If our 'safari' in Senegal with Moussa was all about wildlife, this trip has been about people and farm produce. And it's been even more profound and insightful.
|Kouame (and Kouame) and more produce|
To reach our destination I swapped my erstwhile role and became pillion riding on the rear of the motorcycle - a Chinese single-cylinder 125cc affair - piloted by another Kouame. He is the outreach worker for Chloe's NGO charity and was the link between us and the villagers.
|Haojin 125 - in Kodjinom|
Beforehand, however, we visited the 'reinsertion' centre for 'street and trafficked children' that Chloe founded and runs in Abengourou. Its title is an acronym for the French description of its objectives.
Some of those who are brought here have been sold into servitude in the cocoa industry. Their parents, perhaps unable to afford the basics of life, may believe their offspring will be better off working on a farm or as a domestic servant. They rarely are. Others in the centre are street children.
There are two youngsters there at the moment. They are both around 12 years old. One, Grace, was being regularly beaten by her grandmother, the other, Kouakou - a boy, has developmental problems, a mental age far below his actual and had been abandoned by his family. In the centre they are cared for by Francine, a warm, energetic lady. They are fed regularly and experience kindness, calm and security, perhaps for the first time in their short lives.
They're clearly happy there. We received enthusiastic hugs from them when we arrived.
The existence of the place is a testament to Chloe's humanity and energy. As I've commented before, she is a remarkable woman.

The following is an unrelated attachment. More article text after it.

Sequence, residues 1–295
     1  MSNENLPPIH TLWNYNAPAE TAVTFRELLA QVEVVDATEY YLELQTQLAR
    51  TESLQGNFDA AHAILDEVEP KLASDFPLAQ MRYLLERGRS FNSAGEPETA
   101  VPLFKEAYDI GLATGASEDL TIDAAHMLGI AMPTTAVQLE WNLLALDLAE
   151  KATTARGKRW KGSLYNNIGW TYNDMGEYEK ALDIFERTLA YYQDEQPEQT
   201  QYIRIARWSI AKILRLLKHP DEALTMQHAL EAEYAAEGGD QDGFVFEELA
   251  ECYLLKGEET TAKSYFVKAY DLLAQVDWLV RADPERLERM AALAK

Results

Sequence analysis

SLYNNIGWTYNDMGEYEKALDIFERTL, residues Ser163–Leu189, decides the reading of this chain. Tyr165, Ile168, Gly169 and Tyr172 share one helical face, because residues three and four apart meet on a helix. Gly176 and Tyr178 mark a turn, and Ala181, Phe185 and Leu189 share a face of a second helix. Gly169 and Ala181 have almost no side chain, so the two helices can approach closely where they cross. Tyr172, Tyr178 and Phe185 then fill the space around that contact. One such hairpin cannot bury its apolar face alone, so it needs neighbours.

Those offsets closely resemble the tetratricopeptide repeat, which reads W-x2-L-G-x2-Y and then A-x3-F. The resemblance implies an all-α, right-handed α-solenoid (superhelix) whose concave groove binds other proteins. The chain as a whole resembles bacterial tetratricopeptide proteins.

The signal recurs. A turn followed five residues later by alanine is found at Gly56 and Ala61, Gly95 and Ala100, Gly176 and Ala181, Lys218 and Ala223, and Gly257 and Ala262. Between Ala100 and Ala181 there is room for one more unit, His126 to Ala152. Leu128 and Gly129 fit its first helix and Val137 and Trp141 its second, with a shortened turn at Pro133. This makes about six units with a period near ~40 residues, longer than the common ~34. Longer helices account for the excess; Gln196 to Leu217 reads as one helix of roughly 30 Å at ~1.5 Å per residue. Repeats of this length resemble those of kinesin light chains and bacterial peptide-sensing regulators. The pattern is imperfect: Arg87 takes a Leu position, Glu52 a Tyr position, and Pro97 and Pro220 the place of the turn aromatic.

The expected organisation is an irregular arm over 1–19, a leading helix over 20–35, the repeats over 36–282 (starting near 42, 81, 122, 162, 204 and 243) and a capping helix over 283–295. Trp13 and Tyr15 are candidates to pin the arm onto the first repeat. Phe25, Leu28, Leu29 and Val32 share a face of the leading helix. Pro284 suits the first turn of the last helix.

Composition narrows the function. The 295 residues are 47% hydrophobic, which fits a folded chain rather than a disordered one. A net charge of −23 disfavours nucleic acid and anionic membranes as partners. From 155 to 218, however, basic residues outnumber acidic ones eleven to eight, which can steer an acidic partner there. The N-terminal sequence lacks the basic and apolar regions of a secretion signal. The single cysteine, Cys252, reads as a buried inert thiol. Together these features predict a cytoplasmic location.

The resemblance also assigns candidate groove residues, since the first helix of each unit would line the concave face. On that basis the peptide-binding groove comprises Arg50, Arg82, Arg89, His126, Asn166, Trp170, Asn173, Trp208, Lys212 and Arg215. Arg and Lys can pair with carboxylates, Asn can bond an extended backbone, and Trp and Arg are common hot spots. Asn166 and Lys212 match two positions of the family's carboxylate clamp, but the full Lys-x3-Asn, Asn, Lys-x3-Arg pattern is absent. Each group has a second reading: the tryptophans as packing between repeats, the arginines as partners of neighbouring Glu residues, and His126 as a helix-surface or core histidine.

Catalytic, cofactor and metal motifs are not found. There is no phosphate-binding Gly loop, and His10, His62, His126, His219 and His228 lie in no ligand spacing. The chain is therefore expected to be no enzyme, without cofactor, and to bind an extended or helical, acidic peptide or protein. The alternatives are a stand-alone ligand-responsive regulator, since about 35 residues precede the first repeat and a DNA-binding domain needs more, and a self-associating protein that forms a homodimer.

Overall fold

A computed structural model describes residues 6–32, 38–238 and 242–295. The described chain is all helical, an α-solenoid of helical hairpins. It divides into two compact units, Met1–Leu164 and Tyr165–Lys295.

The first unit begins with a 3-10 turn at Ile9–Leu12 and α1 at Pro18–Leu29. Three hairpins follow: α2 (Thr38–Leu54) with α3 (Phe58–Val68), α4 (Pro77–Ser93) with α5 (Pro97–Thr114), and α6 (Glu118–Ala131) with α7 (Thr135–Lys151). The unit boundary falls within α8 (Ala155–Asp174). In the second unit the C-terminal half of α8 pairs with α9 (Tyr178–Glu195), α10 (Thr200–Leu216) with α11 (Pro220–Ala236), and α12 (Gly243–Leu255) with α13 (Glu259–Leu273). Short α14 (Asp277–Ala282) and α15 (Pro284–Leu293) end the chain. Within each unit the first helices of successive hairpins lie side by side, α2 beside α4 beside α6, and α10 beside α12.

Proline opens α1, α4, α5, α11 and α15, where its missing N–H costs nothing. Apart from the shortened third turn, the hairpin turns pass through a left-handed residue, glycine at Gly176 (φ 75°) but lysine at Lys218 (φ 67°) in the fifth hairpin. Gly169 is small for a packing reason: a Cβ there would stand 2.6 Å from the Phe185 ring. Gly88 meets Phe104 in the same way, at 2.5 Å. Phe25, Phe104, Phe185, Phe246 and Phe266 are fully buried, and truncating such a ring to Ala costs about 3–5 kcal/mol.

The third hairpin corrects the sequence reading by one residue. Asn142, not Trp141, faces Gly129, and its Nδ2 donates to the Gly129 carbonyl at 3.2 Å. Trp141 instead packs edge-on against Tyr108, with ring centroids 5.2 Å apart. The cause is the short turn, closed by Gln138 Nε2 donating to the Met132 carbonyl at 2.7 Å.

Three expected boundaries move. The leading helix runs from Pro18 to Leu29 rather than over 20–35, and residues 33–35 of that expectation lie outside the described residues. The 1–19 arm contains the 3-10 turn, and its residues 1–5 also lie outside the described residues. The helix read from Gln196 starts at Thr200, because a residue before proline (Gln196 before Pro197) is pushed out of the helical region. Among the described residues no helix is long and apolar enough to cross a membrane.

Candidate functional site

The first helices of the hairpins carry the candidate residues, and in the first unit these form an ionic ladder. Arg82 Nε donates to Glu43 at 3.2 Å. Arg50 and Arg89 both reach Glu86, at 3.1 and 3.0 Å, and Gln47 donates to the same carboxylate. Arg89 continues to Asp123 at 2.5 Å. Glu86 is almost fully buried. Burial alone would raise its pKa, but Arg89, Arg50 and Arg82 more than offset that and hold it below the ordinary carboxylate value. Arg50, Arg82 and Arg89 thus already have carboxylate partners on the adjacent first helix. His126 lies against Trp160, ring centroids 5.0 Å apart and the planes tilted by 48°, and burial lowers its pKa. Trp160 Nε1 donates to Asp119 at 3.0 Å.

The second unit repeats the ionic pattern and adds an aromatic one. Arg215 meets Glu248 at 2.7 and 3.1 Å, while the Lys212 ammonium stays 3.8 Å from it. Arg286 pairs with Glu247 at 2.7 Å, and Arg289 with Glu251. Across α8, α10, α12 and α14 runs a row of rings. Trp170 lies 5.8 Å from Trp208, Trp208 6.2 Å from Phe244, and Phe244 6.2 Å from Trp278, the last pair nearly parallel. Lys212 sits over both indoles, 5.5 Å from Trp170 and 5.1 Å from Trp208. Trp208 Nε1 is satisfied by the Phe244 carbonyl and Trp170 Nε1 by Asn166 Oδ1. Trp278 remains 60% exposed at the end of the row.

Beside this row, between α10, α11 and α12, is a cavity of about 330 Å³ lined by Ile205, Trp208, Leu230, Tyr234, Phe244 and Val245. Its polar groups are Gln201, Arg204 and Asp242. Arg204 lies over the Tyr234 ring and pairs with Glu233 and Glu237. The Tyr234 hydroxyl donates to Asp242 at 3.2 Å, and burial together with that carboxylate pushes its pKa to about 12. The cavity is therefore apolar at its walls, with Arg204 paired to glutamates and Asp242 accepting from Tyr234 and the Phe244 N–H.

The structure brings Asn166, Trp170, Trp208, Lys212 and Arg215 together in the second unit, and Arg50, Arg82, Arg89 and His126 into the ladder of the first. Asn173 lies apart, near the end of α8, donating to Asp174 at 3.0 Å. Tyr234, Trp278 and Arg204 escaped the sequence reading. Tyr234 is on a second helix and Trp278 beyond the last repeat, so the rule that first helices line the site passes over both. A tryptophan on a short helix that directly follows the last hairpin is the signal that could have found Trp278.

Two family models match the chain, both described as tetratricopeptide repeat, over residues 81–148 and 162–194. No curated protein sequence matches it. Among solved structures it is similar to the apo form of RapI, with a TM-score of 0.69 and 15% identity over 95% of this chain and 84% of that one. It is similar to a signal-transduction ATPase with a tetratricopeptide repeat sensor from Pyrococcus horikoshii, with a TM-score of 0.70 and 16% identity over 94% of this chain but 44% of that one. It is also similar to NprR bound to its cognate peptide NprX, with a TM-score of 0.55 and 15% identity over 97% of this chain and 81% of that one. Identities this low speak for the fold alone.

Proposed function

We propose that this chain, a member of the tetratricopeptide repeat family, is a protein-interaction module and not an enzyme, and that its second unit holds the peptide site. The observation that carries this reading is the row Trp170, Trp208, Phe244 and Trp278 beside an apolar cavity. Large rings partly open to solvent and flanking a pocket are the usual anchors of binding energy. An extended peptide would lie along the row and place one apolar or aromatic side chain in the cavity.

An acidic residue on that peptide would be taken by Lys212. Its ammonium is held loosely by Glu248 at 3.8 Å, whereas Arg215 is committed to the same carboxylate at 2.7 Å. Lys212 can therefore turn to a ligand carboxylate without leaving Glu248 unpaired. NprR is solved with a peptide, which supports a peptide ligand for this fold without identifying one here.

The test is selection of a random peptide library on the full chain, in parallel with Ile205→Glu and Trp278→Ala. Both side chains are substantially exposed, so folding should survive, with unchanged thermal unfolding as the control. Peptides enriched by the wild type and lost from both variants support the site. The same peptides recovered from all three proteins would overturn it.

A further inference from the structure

We sat in the car with her yesterday while she engaged with a gaggle of young boys in the town, quizzing them about which attended school. She eventually bought a pair of live cockerel from one, telling him she'd be checking on his school attendance when she next encountered him. They were a little in awe of her. We all are.
Fruit and vegetables
I followed the two Kouames single-file along narrow paths through groves, low-growing meadows, past paddy fields. We were aways within sight of the remnants of the rain forest that originally occupied the land.
|Kouame's rubber trees|
The richness of the crop diversity is impressive. I saw produce I'd never seen growing before.
There were pineapple (ananas), peanuts (groundnuts), cocoa, rubber trees, manioc, mango, bananas, rice, okra (gumbo), maize, aubergine and guava - and many others.
Seeing the neatly-aligned, tapped rubber trees was exciting. Kouame was rightly proud of his groves.
|Peanuts, fresh from the ground|
A lady and her son were working with machetes clearing a patch of ignam, or yam, of weeds. It looked like hard work. With a twinkle in her eye, she offered me her heavy hoe implying the opportunity for me to help. I thanked her politely and refused her kind offer. She laughed.
I was apprehensive about biting things, especially when we walked through the waist-high undergrowth surrounding the banana and guava trees. If there were any there, my repellant worked.
|Cocoa beans before drying|
|A village visit|
This was the kind of day I hoped for at the beginning of our adventure. I'm very happy to have had this opportunity. Angelika was intrigued by our insight into the village life.
Sadly, we saw another dimension to it. A young teenage girl was presented to us with extremely swollen cheeks. It seems that for four or so years she has been suffering from a gradually worsening abscess in her jaw. The cost of treatment is beyond her family. Both Cloe and we are wondering if we can help.
Some days are a privilege.